Worth the Trip
Worthington Vineyards & Winery, Somers
I’m old enough to remember when the large majority of Connecticut wineries were tiny hardscrabble operations in modestly attractive environs. There was nothing like Worthington 20 years ago. This place is stunning. It’s so nice, in fact, that it wouldn’t really matter what the wine tastes like to be honest.
And maybe that’s an actual business strategy. Spend the money and time on the grounds and the people will come. I have no problem with that. And I have no problem with the fact that – at least for the first few years of Worthington’s existence – they’re upfront about the provenance of their grapes. (Hint: It’s not Somers, Connecticut.)
You certainly need a hook to get people out here to northern Somers. And that hook is strong because on the beautiful summer day I visited, Worthington was packed. There were at least 300 people spread out across its 98 rolling acres of gardens, terraces, ponds, and woods.
As for me, I was up here to hike. The winery came as a mid-hike bonus/surprise/oasis. Never mind that I was completely out of place as a sweat-soaked, unshaven bum, but my twelve bucks was as good as anyone else’s. Right? Right.
This property used to be a turkey farm. Then a local real estate developer named Dan Roulier spent more than two decades expanding and beautifying the place into a park-like setting, welcoming visitors for recreation, day camp programs, charity events and occasional private gatherings like weddings.
I visited a couple years before Roulier sold the property to the Murdoch family in 2020 because there was a covered bridge and an impressive G scale model train layout. The bridge is still there, used for private events and photography sessions. The train layout appeared all but ripped up in 2023, but perhaps its salvageable.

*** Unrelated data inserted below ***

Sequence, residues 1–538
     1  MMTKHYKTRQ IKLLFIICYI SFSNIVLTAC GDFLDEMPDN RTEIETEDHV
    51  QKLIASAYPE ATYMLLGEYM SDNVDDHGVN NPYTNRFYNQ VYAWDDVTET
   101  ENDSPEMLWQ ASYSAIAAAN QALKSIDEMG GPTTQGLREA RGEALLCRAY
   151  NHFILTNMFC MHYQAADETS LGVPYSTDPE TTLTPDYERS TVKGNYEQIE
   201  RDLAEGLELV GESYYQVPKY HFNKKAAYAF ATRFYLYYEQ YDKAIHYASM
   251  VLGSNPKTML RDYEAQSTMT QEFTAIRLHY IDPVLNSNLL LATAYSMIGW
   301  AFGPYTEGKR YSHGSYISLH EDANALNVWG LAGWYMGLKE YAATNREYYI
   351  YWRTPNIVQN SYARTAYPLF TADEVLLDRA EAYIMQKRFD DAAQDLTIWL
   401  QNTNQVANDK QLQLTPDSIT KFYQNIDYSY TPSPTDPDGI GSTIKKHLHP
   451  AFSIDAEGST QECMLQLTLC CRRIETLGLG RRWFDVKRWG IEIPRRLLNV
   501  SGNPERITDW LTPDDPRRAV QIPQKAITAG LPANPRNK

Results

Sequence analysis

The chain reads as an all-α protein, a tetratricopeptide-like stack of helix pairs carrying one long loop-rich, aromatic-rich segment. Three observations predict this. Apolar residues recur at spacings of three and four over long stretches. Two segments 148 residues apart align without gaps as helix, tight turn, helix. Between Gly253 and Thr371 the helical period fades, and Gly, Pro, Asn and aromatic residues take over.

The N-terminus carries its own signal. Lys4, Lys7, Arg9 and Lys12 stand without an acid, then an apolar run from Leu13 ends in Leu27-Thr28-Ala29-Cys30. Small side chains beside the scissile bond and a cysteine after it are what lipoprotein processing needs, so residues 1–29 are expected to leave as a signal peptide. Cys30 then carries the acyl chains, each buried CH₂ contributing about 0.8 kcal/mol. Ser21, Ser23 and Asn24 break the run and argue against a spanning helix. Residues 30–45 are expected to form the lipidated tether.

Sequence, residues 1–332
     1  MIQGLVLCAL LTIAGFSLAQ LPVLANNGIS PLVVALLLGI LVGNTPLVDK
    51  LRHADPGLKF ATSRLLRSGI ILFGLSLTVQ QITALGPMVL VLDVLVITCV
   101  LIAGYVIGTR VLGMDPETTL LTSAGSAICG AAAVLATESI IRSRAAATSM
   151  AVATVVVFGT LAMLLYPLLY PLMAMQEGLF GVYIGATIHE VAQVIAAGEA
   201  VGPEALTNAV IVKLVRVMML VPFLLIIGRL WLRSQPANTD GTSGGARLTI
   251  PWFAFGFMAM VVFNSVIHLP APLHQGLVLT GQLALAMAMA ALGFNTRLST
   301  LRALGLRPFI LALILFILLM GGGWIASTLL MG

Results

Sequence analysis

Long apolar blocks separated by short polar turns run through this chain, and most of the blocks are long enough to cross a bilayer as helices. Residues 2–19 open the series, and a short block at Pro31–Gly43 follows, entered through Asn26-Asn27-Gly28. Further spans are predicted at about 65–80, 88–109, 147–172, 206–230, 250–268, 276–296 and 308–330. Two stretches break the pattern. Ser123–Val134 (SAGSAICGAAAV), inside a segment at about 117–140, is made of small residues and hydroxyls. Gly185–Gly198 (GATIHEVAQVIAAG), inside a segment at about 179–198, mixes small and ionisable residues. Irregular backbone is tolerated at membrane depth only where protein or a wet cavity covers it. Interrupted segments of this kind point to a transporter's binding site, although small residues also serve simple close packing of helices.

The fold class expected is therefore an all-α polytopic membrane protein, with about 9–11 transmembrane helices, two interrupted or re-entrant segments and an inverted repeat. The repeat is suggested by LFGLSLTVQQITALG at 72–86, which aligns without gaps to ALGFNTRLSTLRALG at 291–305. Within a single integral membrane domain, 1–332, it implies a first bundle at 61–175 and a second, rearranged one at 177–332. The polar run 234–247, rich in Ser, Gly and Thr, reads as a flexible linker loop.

I recall reading about Roulier’s battles with Somers on liquor permits and such for his property and I think that, coupled with the pandemic, prompted him to sell. It took nearly another two years for the town to establish new zoning changes and regulations, winery co-owner Mark Murdoch said.
When you visit us at Worthington, you will encounter a truly unique experience found nowhere else in New England. From the natural beauty of the beaver created pond to the numerous patios, walking paths, and picnic areas, all surrounding he centerpiece of our farm – the stunning covered bridge. Each season offers a unique experience of beauty and harmony with nature. We hope that you can join us to spend an afternoon enjoying a picnic lunch, a walk through the trails, or to celebrate your memorable event.
Opened in 2022, it’s certainly unique to Connecticut, I do know that. And not just because of the bridge and grounds. I’ve never hiked a couple miles with a winery pitstop before finishing. (I’m sure it’s possible somewhere, but I don’t feel like doing the the research. Here, the winery promotes the accessibility of the Aya-Po property that shares a long property boundary. If you know where to go, the Aya-Po parking lot is a very short walk through the woods off the green trail.)
I emerged from the woods; shirt completely drenched and stuck to my skin, old dirty baseball cap worn in a fruitless attempt to save me from the thick clouds of gnats and mosquitoes, and thick post-vacation stubble. This was going to be fun.
The employees did not look at me funny. In fact, the woman who served me never gave me the impression that there was anything different about me and the 300 other people there. (I can assure you, there most definitely was.) I ordered a flight of wine, paid, and absconded outside to the deck.
From my vantage point, I could take in a wide swath of the property. Visitors with their picnic lunches were spread out across many acres. On the lawns, on the Adirondack chairs, in the shade, in the sun… this joint is certainly beautiful. Tons of flowers were in bloom all over too.